The UK and global economy has experienced a seismic shock in the wake of the coronavirus pandemic – and much has been spoken about the losses, both financial and social.

But while doom and gloom has understandably overshadowed any good news in recent times, commercial life has not hit the buffers.

Many companies have adapted like chameleons to the new business environment, restructuring and reorganising to cater for new needs. Furthermore, as we look forward, new opportunities and creative solutions will emerge.

Although we may not have a crystal ball, we have identified ten sectors that are already showing signs of recovery, growth, or that have good reasons to feel upbeat about their post-Covid futures.

1. DIY beauty

For many of us, lockdown brought with it the jettisoning of our daily grooming and beauty standards. Some found this liberating, others discombobulating.

For those of us that fell into the latter category, a desperation to maintain beauty routines translated into a surge in DIY beauty treatments.

According to data from IMRG, sales of beauty products during the week commencing 15 March rose by 32 per cent year-on-year. McKinsey, meanwhile, reports that online sales of prestige-brand nail polish in the UK have seen double-digit growth every week since lockdown began in March. In the US, Nielsen reported year-on-year rises in the sales of hair dye and hair clippers by 23 and 166 per cent, respectively, in the first week of April.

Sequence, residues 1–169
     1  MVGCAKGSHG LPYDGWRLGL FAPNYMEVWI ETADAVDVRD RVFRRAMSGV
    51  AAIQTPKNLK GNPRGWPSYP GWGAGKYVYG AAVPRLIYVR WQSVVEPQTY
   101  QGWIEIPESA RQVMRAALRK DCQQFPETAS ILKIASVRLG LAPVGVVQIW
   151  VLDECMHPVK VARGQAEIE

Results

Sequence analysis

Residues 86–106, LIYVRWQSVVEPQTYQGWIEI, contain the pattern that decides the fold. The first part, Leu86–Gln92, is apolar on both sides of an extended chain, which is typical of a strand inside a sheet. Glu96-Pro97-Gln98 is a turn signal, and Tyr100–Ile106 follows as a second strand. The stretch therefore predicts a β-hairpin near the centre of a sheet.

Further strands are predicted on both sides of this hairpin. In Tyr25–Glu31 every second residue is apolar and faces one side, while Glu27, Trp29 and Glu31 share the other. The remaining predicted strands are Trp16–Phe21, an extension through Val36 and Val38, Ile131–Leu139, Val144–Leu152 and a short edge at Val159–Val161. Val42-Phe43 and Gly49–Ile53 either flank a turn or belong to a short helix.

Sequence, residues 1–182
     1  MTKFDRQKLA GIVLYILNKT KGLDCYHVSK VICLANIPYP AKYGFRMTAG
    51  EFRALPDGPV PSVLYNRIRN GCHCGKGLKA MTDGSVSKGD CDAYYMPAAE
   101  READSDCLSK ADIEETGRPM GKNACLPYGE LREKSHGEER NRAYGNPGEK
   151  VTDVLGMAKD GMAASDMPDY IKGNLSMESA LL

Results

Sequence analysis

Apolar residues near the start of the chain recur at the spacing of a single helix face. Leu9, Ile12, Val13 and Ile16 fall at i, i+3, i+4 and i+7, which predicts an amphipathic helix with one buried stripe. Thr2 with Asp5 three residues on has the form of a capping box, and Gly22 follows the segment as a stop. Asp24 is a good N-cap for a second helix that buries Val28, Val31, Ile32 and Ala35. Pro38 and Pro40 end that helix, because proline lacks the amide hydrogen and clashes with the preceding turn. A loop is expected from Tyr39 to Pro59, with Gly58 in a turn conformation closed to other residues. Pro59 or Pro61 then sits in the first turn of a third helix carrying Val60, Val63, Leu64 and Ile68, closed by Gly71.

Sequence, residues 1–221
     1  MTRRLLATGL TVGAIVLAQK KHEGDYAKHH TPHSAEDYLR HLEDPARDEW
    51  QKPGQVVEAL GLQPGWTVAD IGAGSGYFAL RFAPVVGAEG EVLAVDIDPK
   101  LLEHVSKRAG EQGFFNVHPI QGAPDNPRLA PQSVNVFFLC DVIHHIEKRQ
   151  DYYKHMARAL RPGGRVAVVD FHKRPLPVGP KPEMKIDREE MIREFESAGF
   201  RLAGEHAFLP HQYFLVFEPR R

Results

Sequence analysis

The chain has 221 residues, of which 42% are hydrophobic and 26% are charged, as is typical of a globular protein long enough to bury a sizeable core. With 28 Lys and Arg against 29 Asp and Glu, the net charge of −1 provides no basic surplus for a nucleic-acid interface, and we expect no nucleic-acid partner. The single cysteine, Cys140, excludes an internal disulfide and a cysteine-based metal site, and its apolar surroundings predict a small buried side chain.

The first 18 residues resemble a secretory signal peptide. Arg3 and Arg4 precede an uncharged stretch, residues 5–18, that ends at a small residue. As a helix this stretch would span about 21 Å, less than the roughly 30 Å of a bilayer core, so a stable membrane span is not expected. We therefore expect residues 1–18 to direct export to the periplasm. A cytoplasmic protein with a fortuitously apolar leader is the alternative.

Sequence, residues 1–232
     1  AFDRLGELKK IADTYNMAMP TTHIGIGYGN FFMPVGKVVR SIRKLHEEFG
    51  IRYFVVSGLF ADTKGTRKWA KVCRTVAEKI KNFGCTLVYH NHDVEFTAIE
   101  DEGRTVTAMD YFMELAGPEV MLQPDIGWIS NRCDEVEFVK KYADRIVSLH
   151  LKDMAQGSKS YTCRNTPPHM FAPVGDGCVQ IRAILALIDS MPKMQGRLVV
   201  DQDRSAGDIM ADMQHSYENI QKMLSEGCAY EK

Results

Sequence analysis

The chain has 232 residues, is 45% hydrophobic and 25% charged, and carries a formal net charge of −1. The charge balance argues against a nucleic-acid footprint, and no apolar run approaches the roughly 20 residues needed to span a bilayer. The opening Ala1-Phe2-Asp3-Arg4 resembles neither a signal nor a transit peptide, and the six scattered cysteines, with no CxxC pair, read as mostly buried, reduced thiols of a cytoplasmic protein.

Returning to the salon will be a priority for many – when they are able to do so. But with money tight, and social distancing concerns over professional treatments, regular salon visits for others, for the foreseeable future at least, may become a thing of the past.

This may mean a flourishing post-Covid market for DIY beauty – from digital makeup classes to online cosmetic products – as we reassess what treatments we can do ourselves at home, for a fraction of the cost.

2. Home fitness